“This sounds as though it’s modeled on similar arrangements around child pornography. Except that there are some major differences between child pornography and “terrorist content.” The first is that child porn is de facto illegal. “Terrorist content” is quite frequently perfectly legal. It’s also much more of a judgment call. And based on this setup, allowing one platform partner to designate certain content as “bad” will almost certainly result in false positive designations that will flow across multiple platforms. That’s dangerous.
As we’ve discussed in the past, when you tell platforms to block “terrorist” content, it will frequently lead to mistakes, like blocking humanitarians documenting war atrocities. That kind of information is not just valuable, but necessary in understanding what’s happening. “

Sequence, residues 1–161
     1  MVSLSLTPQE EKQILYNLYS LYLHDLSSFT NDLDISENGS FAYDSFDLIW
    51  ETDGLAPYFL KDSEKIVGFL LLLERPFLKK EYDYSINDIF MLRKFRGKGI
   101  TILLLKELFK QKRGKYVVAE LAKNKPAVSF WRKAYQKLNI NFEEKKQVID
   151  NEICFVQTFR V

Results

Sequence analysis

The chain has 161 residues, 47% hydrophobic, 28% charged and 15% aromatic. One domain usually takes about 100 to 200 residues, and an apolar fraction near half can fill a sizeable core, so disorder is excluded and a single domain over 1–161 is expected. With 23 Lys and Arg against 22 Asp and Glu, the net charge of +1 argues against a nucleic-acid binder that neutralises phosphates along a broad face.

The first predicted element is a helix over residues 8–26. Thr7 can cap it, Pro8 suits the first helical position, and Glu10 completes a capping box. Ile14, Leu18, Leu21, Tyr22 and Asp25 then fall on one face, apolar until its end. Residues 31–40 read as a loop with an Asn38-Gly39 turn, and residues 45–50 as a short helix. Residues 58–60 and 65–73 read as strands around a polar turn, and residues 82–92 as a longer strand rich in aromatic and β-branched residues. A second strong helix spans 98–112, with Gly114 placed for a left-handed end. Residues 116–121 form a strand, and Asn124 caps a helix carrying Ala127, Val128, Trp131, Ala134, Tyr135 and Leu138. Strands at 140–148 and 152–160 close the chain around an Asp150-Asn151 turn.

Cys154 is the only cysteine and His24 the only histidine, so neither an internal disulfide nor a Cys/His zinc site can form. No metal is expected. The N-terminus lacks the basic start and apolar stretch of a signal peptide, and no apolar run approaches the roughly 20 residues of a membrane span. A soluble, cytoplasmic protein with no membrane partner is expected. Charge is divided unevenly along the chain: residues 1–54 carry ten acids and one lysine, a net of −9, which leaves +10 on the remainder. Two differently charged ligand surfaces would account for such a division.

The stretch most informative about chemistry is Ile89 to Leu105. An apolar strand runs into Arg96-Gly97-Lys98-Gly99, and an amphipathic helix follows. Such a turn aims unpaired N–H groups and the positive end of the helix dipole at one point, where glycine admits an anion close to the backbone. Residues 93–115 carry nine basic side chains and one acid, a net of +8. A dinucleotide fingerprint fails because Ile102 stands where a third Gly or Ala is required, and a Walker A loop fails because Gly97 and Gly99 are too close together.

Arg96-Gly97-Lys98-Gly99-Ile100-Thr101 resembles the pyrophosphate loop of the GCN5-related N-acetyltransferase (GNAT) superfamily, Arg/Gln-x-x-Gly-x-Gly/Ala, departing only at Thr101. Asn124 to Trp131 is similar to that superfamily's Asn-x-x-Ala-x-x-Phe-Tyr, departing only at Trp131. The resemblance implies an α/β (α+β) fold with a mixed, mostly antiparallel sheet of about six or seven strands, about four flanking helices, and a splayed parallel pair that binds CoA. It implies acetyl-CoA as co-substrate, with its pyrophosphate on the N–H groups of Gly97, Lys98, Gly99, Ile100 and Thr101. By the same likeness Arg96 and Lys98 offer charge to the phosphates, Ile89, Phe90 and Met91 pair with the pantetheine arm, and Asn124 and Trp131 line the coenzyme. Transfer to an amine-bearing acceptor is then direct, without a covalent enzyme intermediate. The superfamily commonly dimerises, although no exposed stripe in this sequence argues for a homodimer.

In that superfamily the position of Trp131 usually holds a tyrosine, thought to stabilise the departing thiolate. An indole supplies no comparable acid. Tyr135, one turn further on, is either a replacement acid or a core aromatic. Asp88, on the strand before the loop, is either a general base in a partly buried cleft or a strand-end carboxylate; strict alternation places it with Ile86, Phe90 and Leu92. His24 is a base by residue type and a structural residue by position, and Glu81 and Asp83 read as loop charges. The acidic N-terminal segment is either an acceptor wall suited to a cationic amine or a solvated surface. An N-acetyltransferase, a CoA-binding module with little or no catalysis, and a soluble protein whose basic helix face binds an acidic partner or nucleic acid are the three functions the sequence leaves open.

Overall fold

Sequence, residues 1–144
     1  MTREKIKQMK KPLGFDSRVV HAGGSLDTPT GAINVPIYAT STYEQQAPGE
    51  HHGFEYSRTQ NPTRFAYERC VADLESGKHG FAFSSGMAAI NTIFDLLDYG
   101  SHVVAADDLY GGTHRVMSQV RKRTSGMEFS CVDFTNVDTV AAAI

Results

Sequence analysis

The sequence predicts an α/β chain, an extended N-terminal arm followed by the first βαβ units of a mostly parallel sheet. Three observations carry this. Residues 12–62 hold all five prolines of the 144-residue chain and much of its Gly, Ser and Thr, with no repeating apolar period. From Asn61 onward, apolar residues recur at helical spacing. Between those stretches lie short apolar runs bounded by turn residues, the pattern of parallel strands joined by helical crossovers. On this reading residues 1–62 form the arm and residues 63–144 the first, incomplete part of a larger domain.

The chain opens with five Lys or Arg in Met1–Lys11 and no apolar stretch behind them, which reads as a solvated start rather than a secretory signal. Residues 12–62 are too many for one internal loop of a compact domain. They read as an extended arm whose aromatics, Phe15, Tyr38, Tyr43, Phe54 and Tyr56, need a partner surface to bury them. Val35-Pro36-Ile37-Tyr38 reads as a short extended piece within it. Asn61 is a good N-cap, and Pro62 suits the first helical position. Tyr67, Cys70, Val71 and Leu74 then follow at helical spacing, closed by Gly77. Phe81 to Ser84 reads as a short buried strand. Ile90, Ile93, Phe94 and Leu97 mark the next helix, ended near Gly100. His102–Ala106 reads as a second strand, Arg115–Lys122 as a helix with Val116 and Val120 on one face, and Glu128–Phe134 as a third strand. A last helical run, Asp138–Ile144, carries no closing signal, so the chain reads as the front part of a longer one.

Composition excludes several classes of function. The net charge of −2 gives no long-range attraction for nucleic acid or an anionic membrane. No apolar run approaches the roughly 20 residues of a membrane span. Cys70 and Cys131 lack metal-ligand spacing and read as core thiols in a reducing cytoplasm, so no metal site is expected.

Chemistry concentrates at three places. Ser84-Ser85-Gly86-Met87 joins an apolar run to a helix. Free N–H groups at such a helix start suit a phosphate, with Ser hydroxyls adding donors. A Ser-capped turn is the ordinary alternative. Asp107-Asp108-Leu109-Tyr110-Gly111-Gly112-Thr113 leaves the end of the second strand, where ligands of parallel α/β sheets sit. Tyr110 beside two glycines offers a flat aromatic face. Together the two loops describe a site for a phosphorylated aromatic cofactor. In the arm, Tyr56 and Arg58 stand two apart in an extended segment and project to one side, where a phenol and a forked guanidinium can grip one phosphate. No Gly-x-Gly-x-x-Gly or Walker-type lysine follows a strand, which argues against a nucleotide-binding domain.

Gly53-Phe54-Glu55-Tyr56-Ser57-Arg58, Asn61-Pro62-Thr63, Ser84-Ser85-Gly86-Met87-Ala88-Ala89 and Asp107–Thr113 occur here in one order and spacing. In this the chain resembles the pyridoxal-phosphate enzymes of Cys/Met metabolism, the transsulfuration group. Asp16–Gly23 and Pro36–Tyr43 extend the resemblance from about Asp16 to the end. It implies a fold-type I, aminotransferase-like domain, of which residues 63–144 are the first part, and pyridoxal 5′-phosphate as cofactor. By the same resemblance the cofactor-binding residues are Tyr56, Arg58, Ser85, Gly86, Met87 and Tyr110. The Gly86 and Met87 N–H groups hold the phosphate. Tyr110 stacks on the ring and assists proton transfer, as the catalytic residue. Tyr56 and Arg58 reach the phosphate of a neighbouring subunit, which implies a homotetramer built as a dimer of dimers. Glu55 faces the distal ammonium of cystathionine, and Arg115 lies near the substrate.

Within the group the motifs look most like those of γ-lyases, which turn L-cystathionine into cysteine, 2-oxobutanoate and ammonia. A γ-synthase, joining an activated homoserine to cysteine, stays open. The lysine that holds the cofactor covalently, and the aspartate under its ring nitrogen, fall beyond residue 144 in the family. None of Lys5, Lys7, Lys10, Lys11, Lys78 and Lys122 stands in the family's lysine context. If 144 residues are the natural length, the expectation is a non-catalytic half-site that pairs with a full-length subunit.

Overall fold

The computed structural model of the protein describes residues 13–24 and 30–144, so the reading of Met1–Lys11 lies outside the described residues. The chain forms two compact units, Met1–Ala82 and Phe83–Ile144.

It is becoming very trendy to suggest that these social platforms must “do something” to prevent people from having, in essence, to see information they might not want to see, or they may not want others to see. Whether you are talking about “terrorist” content, hate speech or “fake” news, the question always comes back the same thing. Who decides what is appropriate and what isn’t, and what basis are they using for that decision? Sure, we can maybe find some obvious stuff that we can get agreement on, but eventually there’s going to be disagreement, and then what? How do I get my content put back if it gets marked as any of those things?
Who’s watching to make sure “safe” social networks don’t become completely void of free speech?